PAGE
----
|Chapman v Chapman  AC 429|
The trustees applied for leave to execute a scheme releasing certain properties from the trust in order to avoid estate duty. Some of the interests were enjoyed by infants and might be enjoyed by unborn persons, so that any rearrangement of interests required the consent of the court. The House of Lords held that the scheme would not be approved because the court had no jurisdiction to sanction a rearrangement of beneficial interests on behalf of infants and unborn persons where there was no real dispute.
|‘[T]he question which presents difficulty in this case … is whether… the compromise category should be extended to cover cases in which there is no real dispute as to rights and, therefore, no compromise, but it is sought by way of bargain between the beneficiaries to rearrange the beneficial interests under the trust instrument and to bind infants and unborn persons to the bargain by order of the court.|
… in the present case it appears to me that to accept this extension in any degree is to concede exactly what has been denied. It is the function of the court to execute a trust, to see that the trustees do their duty and to protect them if they do it, to direct them if they are in doubt and, if they do wrong, to penalise them. It is not the function of the court to alter a trust because alteration is thought to be advantageous to an infant beneficiary.’
Lord Simonds LC
The Variation of Trusts Act 1958 was passed in order to reverse the decision of the House of Lords in Chapman v Chapman (1954) and to introduce sweeping changes in the law. The jurisdiction of the courts was extended in order to approve variations of trusts (in respect of both administrative matters and beneficial interests) on behalf of infants, unborn persons and others who lacked the capacity to consent to an arrangement. The court is entitled to sanction ‘any arrangement varying or revoking all or any trusts or enlarging the powers of the trustees of managing or administering any of the property subject to the trusts’.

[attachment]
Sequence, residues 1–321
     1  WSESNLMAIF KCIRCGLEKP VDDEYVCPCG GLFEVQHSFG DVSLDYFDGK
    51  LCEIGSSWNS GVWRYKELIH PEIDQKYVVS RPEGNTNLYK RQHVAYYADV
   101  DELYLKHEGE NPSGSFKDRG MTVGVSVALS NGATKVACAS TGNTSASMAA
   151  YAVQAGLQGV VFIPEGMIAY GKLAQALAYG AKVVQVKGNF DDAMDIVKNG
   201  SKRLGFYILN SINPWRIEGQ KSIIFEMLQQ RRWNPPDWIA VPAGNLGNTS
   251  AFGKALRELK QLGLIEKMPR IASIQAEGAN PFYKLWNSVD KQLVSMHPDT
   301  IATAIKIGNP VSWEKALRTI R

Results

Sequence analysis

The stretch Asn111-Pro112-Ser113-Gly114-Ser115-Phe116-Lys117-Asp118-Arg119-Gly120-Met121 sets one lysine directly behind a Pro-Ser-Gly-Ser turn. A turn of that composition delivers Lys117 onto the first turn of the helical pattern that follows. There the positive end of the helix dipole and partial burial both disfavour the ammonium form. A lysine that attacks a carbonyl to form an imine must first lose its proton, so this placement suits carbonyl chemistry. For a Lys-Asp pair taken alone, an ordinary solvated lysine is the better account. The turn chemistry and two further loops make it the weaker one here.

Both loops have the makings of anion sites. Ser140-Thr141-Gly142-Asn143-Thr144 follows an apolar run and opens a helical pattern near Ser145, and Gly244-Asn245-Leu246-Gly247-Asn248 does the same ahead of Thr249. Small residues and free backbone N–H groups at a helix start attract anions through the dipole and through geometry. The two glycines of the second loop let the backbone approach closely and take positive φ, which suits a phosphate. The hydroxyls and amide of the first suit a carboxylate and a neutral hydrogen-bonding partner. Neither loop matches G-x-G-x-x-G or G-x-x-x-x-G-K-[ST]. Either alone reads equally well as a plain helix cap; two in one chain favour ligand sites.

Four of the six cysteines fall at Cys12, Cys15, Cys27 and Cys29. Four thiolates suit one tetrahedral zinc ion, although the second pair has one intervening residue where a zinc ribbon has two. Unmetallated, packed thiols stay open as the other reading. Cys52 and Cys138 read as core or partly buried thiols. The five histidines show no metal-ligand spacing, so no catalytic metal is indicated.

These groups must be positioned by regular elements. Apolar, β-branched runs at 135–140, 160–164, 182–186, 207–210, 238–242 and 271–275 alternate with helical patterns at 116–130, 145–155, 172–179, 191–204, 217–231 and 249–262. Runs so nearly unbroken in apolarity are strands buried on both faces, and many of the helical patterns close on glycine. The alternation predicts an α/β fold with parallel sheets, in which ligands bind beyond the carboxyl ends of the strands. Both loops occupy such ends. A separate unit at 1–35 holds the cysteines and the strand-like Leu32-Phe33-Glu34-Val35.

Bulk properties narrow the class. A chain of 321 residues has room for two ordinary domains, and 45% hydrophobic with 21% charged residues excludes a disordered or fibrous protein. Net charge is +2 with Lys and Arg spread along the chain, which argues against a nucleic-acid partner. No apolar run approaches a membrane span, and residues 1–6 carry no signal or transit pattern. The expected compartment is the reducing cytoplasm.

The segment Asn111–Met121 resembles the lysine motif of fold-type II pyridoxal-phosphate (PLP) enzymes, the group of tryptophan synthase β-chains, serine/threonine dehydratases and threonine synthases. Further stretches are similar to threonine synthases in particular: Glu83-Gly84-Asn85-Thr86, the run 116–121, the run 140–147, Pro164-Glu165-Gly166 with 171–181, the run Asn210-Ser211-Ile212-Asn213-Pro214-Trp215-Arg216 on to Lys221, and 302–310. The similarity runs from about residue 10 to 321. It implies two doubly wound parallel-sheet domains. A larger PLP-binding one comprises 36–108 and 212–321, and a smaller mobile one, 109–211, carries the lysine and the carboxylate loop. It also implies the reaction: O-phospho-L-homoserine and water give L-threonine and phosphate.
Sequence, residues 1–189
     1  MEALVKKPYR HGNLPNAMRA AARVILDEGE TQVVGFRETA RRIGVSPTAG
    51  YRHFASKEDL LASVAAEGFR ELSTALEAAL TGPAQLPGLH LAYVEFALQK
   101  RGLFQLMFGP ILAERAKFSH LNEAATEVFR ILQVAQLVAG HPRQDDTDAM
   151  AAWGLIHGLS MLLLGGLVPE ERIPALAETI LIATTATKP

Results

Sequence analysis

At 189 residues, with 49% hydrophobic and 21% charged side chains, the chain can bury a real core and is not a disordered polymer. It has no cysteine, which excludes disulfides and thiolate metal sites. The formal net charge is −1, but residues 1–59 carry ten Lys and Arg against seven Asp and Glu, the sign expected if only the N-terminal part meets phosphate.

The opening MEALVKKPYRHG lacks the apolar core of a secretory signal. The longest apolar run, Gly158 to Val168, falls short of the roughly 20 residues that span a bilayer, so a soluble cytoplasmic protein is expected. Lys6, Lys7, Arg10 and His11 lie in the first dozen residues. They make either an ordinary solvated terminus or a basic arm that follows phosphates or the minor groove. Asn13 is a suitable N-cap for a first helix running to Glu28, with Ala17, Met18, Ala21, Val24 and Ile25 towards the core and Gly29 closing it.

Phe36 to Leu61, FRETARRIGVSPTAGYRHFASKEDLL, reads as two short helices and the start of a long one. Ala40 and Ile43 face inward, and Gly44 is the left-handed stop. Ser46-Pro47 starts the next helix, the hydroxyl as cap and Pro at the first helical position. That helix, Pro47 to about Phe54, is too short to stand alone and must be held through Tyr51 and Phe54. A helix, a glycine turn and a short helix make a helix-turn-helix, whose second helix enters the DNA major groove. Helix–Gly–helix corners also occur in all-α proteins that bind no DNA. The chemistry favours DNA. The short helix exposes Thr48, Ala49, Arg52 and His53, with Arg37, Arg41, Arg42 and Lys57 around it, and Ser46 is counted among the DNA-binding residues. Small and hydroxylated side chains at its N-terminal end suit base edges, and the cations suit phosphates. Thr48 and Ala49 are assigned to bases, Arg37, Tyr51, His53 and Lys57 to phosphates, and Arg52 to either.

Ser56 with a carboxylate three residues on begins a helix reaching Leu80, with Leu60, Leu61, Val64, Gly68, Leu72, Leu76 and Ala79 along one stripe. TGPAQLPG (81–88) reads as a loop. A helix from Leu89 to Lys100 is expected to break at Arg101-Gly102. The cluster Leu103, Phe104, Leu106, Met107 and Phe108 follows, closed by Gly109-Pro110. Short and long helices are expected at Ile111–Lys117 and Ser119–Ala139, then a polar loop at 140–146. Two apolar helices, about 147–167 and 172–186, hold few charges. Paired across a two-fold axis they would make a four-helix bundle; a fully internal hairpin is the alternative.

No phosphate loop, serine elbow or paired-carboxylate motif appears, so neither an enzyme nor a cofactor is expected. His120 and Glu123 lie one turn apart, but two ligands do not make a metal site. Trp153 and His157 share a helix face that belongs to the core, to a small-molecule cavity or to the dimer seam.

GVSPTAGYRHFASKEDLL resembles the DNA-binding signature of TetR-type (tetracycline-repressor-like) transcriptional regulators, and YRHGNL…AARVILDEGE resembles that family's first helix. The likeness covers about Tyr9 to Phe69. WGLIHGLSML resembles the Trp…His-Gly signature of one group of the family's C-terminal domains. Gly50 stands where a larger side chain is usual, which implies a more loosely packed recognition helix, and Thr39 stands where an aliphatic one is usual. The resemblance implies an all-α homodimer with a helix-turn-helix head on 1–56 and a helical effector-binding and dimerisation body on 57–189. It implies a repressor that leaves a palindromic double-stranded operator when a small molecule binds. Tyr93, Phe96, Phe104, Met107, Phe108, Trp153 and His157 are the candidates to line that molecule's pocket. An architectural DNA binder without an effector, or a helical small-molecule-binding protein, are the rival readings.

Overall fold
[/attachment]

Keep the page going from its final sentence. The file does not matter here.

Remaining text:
The court in its discretion may make an order approving a scheme, provided that the following four conditions are satisfied:
1. property, whether real or personal, is held on trust; and
2. the trust was created by will or inter vivos settlement or other disposition; and
3. the four categories as enumerated in s 1(1) of the 1958 Act, namely:
′1(1)(a) any person having directly or indirectly, an interest, whether vested or contingent under the trusts, who, by reason of infancy or other incapacity is incapable of assenting, or
(b) any person (whether ascertained or not) who may become entitled, directly or indirectly, to an interest at a future date or on the happening of a future event, a person of any specified description or a member of any specified class of persons, but not including any person who would be of that description or a member of that class if the said date had fallen or the said event had happened at the date of the application to the court, or
(c) any person unborn, or
(d) any person in respect of any discretionary interest of his under protective trusts where the interest of the principal beneficiary has not failed or determined.’
4. provided that, with the exception of para (d) above, the arrangement was carried out for the benefit of that person.
The purpose of the 1958 Act is to permit the court to approve arrangements on behalf of beneficiaries who cannot give their consent by virtue of infancy or other incapacity or because their identity is unascertained, such as a future spouse. It follows, therefore, that the court has no jurisdiction to approve arrangements on behalf of beneficiaries who are sui juris, adult and ascertained. Thus, the consent of all adult, ascertained beneficiaries must be obtained before the court may grant its approval to a scheme.